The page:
S&P Global Ratings has raised the city of Detroit’s General Obligation (GO) debt and Priority-Lien debt ratings, marking the second time in a week the municipality’s ratings were upgraded with positive outlooks.
“This S&P upgrade is a double dose of good news; affirming the efforts taken to improve the City’s general obligation credit and returning an important segment of our portfolio to investment grade,” says Jay Rising, CFO of the city of Detroit. “The upgrade is the product of the strategy of rebuilding the City’s credit through creating economic opportunities, improving security and restoring the beauty of the City for Detroiters.”
The GO rating for the city is now BB, noting the city’s improved economic outlooks and strong fiscal management. At the same time, Detroit’s Public Lighting Authority and income tax backed debt issued through the Michigan Finance Authority (considered Priority-Lien debt because of their pledge of specific tax revenues) to BBB- from BB+, marking a return to investment grade on certain bonds secured by pledged revenues.
“Detroit remains, in our view, on a trajectory to meet increasing pension costs in the near and long term within a balanced budget framework, and if it does so, we could raise the rating. We feel the city has fiscal discipline and flexibility that can keep it on track should it experience economic slowdowns or higher-than-forecasted pension increases,” states S&P’s report.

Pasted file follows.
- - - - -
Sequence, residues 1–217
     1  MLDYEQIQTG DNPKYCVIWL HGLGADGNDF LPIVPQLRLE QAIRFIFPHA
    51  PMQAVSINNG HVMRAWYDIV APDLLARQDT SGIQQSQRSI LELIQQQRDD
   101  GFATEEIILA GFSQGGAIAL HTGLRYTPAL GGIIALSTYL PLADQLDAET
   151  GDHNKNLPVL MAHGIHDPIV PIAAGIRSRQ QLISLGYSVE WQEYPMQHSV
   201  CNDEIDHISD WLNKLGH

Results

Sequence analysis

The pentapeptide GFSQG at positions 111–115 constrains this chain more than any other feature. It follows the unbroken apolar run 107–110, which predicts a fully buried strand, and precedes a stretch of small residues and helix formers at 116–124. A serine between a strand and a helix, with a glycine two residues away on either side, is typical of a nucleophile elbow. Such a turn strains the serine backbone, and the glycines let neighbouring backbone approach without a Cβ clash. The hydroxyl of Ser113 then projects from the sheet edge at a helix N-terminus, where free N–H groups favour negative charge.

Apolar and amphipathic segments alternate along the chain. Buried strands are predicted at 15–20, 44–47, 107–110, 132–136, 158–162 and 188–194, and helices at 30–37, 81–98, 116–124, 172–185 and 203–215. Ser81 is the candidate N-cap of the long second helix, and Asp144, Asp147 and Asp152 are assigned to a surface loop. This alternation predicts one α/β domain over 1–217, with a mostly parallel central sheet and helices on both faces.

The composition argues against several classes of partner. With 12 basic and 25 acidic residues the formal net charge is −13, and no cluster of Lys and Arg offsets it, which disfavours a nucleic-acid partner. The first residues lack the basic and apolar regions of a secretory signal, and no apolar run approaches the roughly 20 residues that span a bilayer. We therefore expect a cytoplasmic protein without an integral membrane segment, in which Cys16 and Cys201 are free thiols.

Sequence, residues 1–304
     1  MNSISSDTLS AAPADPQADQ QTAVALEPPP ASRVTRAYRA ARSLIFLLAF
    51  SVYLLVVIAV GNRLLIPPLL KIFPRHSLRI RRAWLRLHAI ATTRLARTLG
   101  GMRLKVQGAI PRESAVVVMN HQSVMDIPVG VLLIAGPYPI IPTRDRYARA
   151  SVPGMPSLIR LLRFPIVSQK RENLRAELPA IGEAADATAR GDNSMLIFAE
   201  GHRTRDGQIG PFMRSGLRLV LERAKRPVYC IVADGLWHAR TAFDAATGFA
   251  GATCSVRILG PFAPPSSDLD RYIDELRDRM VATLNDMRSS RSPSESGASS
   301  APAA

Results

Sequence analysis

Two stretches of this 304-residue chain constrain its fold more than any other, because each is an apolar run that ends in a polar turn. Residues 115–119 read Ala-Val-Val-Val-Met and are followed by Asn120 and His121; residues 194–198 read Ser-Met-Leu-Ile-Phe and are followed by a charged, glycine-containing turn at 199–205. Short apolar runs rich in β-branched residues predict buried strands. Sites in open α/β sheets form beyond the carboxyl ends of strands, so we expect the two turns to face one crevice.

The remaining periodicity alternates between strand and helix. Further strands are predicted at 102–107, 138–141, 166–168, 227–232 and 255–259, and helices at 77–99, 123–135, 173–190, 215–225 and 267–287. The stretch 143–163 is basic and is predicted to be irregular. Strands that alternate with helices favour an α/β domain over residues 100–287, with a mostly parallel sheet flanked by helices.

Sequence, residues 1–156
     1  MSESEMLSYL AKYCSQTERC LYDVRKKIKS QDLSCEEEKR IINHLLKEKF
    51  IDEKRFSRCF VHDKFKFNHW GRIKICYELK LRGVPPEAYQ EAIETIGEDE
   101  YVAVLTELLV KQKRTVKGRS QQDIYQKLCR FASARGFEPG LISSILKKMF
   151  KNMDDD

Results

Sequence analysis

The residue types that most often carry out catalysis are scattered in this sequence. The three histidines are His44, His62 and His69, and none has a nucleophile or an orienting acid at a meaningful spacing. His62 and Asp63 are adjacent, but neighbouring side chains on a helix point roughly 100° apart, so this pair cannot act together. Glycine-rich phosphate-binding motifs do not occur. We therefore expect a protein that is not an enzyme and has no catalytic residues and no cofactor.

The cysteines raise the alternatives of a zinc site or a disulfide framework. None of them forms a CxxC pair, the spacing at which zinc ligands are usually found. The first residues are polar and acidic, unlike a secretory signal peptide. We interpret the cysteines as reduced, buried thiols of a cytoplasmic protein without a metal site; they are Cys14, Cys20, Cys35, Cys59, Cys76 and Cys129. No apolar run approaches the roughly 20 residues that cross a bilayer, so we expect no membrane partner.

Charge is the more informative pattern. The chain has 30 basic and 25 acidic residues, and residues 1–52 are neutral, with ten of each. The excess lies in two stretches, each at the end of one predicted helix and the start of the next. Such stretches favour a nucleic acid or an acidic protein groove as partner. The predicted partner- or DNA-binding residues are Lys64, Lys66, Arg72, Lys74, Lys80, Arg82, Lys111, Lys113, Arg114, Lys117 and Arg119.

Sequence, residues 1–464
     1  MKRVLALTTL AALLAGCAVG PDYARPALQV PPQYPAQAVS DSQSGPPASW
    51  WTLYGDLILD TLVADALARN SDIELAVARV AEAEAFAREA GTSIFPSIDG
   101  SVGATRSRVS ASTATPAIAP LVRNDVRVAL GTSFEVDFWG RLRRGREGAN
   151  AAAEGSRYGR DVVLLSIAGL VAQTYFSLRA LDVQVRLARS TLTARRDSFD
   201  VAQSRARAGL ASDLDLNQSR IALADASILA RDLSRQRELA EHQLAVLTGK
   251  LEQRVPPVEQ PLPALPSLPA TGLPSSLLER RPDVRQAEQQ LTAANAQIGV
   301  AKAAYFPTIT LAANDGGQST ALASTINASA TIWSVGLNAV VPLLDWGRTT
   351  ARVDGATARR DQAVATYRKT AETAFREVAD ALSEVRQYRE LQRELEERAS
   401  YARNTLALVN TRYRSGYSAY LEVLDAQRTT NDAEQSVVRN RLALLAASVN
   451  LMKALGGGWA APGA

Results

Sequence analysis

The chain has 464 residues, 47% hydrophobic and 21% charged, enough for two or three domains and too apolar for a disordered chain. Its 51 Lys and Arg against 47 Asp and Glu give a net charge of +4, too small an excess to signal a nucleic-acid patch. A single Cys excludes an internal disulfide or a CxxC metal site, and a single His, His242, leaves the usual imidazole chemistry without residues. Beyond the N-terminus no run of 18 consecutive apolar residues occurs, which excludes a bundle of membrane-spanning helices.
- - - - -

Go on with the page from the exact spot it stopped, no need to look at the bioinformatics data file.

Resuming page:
S&P’s credit action follows an equivalent rating upgrade to Ba2 from Ba3 issued by Moody’s last Wednesday, also with a positive outlook. The back-to-back announcements highlight not only strong fiscal management and budgetary performance, but also the rating agencies’ positive assessment. Both institutions indicated that the reasoning behind rating upgrades included the city’s investments in workforce training, economic development, blight removal, and beautification.
Detroit last saw an upgrade on its GO debt from S&P in February 2019, when the rating agency raised the city to a BB- from a B+. The last time Detroit held a rating as high as BB from S&P was a decade ago in March 2012. Improved bond ratings are indicative of a city’s finances and financial profile, and higher ratings mean lower costs for governments when they borrow funds to pay for various capital improvements.
The city’s strategic use of American Rescue Plan Act (ARPA) stimulus will bolster future growth, in S&P’s opinion. The report states, “Detroit continues to prioritize investing in its residents and ARPA funds will accelerate this.
“The focus is on continued blight and abandoned building removal, streetscaping, and beautification projects, all of which have proven to increase home values and public safety, along with people projects such as paying for job training and degree attainment, improving internet access, and facilitating record expungements, which help better position residents for jobs.”
The report further indicated the potential upside scenario for Detroit: “We could raise the rating over the next one-to-two years if the city sustains budgetary balance, including increasing pension contributions and not relying on reserves, and if we feel it is likely to continue to do so without deferring expenses or depleting the RPF at a rate that puts future budgets at increased risk.”